NIA raids 27 places in Delhi, Valley in terror-funding probe, seizes Rs 2.2 crore

During the operations, that began in the morning, houses and business establishments of those suspected of channelising funds to fuel secessionist and anti-India activities were searched, an NIA spokesman said here.

By: PTI | New Delhi | Published: September 6, 2017 9:21 pm

Swooping down on few traders and alleged hawala dealers, the NIA on Wednesday carried out searches at 27 places in various parts of the Valley and Delhi and seized nearly Rs 2.20 crore in cash in raids relating to probe into terror-funding activities in the state. During the operations, that began in the morning, houses and business establishments of those suspected of channelising funds to fuel secessionist and anti-India activities were searched, an NIA spokesman said here. “During the searches, cash amounting to approximately Rs 2.20 crores were recovered,” he said.

The spokesman said various digital devices including laptops, mobile phones and hard drives have also been seized during the searches. Diaries pertaining to contacts of hawala operators/traders, ledger books containing accounts of cross-border LOC trade of various trading companies have been recovered. Some details of bank accounts of Jammu and Kashmir were also recovered, the spokesman said.

Travel documents of some entities indicating their visits to the UAE have also been recovered, he said, adding that some of the suspects were being questioned about the recoveries made from them. The raids come a day after the NIA arrested two persons, including a freelance photo-journalist, who allegedly indulged in stone-pelting and mobilising support against the security personnel through social media.

These raids and arrests by the NIA is part of its investigation in a case registered on May 30 in which the leader of the Pakistan-based Jamaat-ud-Dawa and banned terrorist outfit Lashkar-e-Taiba, Hafiz Saeed, was named as an accused. The NIA has arrested seven persons in the case of alleged funding of terror and subversive activities in the Kashmir Valley to fuel unrest there.

The case was registered for raising, receiving and collecting funds through various illegal means, including hawala channels, for funding such activities. It also included causing disruption in the Valley by stone-pelting, burning schools, damaging public property and waging war against India.

This is for the first time since the rise of militancy in Jammu and Kashmir in the early 1990s that a central probe agency has conducted raids in connection with the funding of terrorist and separatist groups.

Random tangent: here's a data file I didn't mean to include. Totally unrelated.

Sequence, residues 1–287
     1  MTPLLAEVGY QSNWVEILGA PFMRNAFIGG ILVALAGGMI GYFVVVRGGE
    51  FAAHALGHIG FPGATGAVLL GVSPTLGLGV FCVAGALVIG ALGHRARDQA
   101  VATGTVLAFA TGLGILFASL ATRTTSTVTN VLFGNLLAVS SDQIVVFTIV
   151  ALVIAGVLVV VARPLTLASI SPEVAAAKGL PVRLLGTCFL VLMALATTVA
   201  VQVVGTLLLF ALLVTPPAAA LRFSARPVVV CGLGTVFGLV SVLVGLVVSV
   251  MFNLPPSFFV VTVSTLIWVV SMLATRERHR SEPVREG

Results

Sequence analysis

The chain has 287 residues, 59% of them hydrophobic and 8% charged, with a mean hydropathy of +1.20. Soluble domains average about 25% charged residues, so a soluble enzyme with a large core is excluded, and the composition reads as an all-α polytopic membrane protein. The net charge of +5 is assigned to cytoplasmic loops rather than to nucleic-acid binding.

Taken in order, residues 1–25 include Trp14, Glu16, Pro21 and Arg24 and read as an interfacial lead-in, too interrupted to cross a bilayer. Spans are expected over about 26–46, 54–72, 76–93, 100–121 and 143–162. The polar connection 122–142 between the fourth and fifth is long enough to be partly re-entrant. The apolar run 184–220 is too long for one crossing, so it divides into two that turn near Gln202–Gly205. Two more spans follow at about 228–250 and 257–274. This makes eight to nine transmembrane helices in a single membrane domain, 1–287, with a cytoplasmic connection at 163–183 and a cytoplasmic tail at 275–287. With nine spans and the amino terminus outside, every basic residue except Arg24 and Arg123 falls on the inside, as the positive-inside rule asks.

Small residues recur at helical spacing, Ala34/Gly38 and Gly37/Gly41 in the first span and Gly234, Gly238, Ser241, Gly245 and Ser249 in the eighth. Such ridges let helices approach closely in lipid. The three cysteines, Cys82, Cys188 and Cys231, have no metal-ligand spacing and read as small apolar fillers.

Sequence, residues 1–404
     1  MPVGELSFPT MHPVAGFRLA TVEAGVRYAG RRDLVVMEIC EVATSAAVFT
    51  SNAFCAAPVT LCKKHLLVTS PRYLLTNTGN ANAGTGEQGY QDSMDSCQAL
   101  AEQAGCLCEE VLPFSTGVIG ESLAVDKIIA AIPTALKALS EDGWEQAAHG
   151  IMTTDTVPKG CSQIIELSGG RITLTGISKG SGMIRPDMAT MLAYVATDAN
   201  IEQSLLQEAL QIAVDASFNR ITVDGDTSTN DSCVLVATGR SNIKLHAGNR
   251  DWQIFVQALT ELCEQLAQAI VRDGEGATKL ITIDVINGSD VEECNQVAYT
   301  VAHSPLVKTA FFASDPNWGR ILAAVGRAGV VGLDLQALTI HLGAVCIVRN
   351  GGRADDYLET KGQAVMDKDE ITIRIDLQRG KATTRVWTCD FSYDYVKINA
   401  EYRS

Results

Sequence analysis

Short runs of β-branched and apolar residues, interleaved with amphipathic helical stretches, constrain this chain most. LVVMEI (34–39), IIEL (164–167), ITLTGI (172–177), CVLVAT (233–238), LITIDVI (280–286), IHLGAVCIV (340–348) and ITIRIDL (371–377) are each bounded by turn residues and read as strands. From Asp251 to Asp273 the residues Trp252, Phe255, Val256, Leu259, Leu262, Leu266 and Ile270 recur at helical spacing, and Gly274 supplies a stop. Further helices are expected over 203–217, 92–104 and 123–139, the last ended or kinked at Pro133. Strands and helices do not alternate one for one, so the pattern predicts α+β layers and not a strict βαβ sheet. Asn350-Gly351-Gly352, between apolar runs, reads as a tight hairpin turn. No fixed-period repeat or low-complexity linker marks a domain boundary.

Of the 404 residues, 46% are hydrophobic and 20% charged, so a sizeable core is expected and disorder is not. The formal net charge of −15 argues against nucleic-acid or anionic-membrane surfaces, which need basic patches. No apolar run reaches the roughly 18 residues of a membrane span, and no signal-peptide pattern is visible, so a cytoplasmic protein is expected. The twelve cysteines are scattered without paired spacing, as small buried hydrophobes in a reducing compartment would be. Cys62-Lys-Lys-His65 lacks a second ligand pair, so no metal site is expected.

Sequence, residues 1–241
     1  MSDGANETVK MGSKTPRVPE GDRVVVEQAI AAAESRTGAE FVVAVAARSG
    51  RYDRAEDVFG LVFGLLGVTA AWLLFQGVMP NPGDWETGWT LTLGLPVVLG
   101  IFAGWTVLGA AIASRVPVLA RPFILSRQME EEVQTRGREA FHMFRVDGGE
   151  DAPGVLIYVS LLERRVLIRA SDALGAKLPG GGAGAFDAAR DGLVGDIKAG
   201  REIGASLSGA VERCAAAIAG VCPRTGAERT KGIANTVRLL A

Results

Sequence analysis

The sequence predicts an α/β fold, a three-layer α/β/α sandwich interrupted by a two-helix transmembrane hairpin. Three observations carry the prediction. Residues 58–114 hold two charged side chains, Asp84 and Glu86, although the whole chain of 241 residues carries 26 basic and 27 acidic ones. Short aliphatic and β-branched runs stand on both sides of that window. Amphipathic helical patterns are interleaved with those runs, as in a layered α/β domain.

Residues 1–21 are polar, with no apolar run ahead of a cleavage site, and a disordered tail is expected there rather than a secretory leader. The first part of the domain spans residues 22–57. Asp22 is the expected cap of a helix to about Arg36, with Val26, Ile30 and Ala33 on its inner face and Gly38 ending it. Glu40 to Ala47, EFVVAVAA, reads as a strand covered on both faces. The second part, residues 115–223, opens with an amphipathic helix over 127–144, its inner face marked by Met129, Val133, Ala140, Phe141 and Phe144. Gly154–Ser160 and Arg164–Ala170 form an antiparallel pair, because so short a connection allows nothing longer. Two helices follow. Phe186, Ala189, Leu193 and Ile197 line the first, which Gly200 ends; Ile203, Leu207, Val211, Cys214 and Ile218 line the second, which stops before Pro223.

The searches were also part of NIA probe into the alleged irregularities in cross-LoC trade. In this connection, the NIA had carried out searches on traders at trade facilitation centres at Salamabad in Kashmir region’s North Kashmir’s Baramulla district and Chakan-da-bagh in Poonch district of the Jammu region.

During its probe, the NIA found that after clothes and ‘dupattas’, California Almonds has emerged as the new product in cross-LoC trade in Jammu and Kashmir that is being used a mode of terror-funding.

According to the cross-LoC trade agreement between India and Pakistan, products grown in both sides of Jammu and Kashmir will be exchanged under barter system. The products included ‘badam giri’ that is grown in parts of Pakistan-occupied-Kashmir (PoK). The traders from PoK were sending and receiving California Almonds and it is alleged that the money was used for funding of terror groups in the state.

The NIA, in its FIR, had alleged that there was a large scale transfer of funds from Pakistan to India through the import of California Almonds (badam giri) via the cross-LoC trade mechanism through the trade facilitation centres located at Salamabad and Chakkan-da-Bagh.

“This is in gross violation of the state policy of prohibition on trade in ‘third-party origin goods’ through this mechanism and information indicated that these funds are being used for fomenting terrorism and separatism in the state of Jammu and Kashmir,” the NIA said.

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